I used to be a non-believer in positive thinking. I guess I thought it was pollyannish or unrealistic. But I’ve since learned that positive thinking doesn’t mean we keep our head in the sand or gloss over negative situations. It just means we explore and approach life in a more productive way to enhance our wellbeing. But whether you’re a person whose “glass is half full” or “half-empty,” it might surprise you to learn the benefits of positive thinking might be greater than you think. 

Positive thinking is a newer field being studied in the realm of positive psychology, which literally studies happy people, and what makes them happy. Like previous topics I’ve written about, such as social connection, humor, and forgiveness therapy, the benefits are similar; lowering of stress, improved mental health, and increased neuroplasticity in the brain are some examples. Others include:

Greater Physical Health: When we have a positive thought, the “happy” hormone, serotonin, is released, which makes us feel good. Optimism is linked to better heart health, a more robust immune system provides protection against diseases such as the common cold or the flu, and may promote longevity. 

Improved Social Life: It’s truly hard to be around a negative person who complains all the time. People naturally gravitate to positive people who are more cheerful and see life in an upbeat way. Positive social connections are a defense against disease. 

Better Brain Health: In an article by Dawson Church, Ph.D., he discusses the research by scientists at the University of London who studied cognitive function in people aged 55 and older looking for markers for Alzheimer’s disease. Amazingly, they found that lifestyle factors didn’t matter as much as attitudinal thinking. In other words, the build-up of plaque found in Alzheimer’s patients was greater in those people who were negative thinkers and who had regrets about the past and fear about the future. The way we use our minds literally determines our brain health. 

Positive thinking often starts with self-talk. I think one of the main reasons I decided to specialize in the area of Health and Wellness was so that it would make me practice what I preach. One area I needed to work on was my self-talk. Negative self-talk usually arises from thoughts or misperceptions due to lack of information and can be very painful, especially if those thoughts keep us awake at night and cause us undue stress.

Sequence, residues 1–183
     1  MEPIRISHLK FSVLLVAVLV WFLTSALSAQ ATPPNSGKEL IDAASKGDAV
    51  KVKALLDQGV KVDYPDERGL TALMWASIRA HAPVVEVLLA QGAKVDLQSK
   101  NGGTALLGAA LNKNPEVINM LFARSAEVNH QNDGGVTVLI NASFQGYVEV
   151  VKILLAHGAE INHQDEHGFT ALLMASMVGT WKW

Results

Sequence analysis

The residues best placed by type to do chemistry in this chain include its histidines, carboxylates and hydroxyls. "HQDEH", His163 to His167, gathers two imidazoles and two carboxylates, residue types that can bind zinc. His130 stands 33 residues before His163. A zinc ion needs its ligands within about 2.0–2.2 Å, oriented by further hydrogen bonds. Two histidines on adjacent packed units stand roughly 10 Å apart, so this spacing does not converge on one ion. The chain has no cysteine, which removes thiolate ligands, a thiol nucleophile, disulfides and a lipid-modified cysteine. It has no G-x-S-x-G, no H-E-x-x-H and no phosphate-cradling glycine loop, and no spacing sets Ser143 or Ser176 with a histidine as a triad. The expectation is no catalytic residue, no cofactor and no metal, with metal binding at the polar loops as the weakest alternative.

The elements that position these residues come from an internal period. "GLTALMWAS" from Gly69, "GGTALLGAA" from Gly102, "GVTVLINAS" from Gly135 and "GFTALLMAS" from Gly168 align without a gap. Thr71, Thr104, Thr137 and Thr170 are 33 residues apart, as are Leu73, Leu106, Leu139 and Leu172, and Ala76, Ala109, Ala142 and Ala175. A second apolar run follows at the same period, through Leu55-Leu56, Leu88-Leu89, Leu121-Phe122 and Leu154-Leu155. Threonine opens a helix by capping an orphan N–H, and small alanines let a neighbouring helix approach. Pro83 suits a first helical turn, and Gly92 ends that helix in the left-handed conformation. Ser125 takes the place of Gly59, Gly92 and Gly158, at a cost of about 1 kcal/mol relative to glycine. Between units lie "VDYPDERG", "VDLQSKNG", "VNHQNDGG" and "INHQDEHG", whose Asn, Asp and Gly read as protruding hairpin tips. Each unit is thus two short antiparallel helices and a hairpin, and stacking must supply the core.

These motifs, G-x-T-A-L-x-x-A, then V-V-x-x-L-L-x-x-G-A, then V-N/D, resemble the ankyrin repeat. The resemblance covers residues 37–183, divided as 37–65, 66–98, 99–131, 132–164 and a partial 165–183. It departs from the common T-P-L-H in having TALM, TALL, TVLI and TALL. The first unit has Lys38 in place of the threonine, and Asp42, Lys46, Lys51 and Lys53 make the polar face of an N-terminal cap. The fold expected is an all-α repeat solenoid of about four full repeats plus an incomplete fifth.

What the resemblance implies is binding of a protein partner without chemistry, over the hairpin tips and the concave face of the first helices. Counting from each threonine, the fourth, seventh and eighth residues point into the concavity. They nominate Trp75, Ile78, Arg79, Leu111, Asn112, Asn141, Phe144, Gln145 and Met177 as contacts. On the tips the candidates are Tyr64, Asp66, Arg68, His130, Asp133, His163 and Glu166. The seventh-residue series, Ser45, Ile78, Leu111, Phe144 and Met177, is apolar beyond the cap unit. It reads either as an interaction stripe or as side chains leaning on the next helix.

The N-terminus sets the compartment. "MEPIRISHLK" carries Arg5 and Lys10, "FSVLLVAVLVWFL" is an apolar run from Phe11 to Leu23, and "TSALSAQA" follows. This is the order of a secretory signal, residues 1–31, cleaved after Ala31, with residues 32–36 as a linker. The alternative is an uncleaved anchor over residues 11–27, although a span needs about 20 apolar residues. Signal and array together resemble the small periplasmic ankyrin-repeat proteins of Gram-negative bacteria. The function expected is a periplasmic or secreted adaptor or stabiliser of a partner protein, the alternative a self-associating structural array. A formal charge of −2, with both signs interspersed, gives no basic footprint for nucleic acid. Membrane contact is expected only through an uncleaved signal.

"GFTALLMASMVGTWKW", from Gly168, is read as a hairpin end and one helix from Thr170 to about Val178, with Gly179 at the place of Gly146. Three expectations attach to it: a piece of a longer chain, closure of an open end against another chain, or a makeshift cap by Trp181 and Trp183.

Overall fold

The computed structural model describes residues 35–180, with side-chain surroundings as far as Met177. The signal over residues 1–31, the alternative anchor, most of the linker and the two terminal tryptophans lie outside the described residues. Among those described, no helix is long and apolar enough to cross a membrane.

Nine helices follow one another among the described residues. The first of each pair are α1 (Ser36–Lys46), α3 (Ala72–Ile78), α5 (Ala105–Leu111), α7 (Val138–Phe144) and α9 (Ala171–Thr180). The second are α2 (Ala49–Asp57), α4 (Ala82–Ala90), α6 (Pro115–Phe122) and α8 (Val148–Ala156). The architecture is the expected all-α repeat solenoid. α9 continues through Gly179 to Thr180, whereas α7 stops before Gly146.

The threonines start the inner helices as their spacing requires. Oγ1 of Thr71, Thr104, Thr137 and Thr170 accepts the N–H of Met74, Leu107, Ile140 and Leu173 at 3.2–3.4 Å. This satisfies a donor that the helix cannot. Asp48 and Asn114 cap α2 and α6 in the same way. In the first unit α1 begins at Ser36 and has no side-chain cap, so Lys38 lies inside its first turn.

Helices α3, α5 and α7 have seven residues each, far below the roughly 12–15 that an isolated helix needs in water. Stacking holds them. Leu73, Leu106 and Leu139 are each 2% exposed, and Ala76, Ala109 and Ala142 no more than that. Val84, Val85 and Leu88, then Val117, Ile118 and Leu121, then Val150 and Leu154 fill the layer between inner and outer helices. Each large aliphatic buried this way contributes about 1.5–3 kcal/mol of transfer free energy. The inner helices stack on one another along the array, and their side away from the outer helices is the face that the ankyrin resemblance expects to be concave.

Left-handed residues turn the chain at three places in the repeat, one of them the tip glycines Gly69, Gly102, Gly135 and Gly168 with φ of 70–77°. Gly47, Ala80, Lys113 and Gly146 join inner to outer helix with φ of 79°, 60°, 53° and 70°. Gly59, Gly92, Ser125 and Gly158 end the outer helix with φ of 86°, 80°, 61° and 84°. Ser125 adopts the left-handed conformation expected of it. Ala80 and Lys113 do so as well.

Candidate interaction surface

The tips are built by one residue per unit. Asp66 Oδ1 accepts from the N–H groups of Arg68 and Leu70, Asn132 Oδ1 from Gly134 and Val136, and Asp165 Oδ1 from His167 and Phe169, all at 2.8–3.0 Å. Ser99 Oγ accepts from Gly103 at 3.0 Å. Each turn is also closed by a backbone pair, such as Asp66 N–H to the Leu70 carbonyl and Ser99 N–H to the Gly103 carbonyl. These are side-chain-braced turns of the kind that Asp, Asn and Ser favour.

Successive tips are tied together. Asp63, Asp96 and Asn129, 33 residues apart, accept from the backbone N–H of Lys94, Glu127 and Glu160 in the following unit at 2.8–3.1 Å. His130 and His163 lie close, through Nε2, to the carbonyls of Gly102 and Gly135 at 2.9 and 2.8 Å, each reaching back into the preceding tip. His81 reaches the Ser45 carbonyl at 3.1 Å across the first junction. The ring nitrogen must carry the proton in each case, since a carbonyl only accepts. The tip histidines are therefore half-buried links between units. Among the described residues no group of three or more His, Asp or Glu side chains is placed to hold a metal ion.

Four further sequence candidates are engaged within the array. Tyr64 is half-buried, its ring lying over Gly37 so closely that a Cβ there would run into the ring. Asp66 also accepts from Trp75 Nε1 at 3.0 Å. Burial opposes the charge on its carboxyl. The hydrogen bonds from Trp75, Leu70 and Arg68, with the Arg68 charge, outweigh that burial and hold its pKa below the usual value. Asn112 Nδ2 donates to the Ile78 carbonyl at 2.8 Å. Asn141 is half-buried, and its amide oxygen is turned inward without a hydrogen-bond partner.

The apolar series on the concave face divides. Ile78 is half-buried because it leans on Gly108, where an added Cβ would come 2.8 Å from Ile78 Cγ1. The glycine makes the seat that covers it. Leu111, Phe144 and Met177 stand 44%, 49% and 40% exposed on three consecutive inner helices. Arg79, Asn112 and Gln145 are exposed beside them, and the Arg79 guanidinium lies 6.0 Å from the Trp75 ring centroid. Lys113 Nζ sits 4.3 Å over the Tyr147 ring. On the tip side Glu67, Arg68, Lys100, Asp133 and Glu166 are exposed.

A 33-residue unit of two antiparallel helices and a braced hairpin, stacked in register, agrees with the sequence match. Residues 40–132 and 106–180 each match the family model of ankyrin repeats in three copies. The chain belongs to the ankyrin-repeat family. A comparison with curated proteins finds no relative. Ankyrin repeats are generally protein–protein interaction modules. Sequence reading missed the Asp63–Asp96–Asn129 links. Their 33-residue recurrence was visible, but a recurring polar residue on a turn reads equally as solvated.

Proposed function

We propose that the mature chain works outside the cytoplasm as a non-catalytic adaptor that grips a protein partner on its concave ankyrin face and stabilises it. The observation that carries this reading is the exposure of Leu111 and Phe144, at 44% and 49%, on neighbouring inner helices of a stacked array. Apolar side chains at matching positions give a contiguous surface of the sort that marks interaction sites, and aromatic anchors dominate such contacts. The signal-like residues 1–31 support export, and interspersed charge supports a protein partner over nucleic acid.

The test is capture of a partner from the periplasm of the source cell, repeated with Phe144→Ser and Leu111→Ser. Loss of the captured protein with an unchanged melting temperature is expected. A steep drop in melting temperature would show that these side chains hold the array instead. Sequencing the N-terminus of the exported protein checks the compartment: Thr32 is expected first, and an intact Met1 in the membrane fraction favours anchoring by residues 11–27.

Here are a few examples to help change negative thinking through a process called reframing. Reframing is the cognitive process by which situations or thoughts are challenged and then changed. For example, try changing the first sentence below to the following sentence instead. 

  • “It’s too hard” > “Help me see this differently.” 
  • “I’m not able to change” > “Maybe I’ll learn something new.” 
  • “It won’t work” > “I’ll try it.” 
  • “He never talks to me” > “I’ll make the first approach.” 
  • “This traffic is driving me nuts” > “There is absolutely nothing I can do about the traffic.” 
  • “I failed” > “I did the best I could and that is enough.” 

What are other ways one can change the inner critic to one of an advocate? First, identify those areas that cause you concern. Ask yourself what you can realistically do to change the situation. Challenge your pessimistic thoughts. Have zero tolerance for the critical inner voice. Talk with a trusted advisor or friend. Journal. Highlight the positive aspects of the situation. Gratitude journaling literally changes our brain chemicals (it boosts the “happy” hormone) and our perspective. 

Practice smiling more. Even fake smiling reduces blood pressure and generally makes us feel better. Or get physical or playful. Just taking a time out from a negative situation can turn the negative brain off for a while. Lastly, focus on your strengths, like creativity, resiliency, or kindness. We very seldom do this, and it helps by boosting positive brain chemicals. 

You might not be a positive thinker overnight but start cultivating an attitude of positivity by noticing your self-talk and take compassionate action that moves you more towards your authentic self. Start the New Year off right. Be relentlessly positive. 


Cindy Maynard PhD, RD, is a health psychologist, registered dietitian and a health and fitness writer. Dr. Maynard is passionate about the topic of health and wellness and motivating people towards better health. You can contact her at drcindymaynard@live.com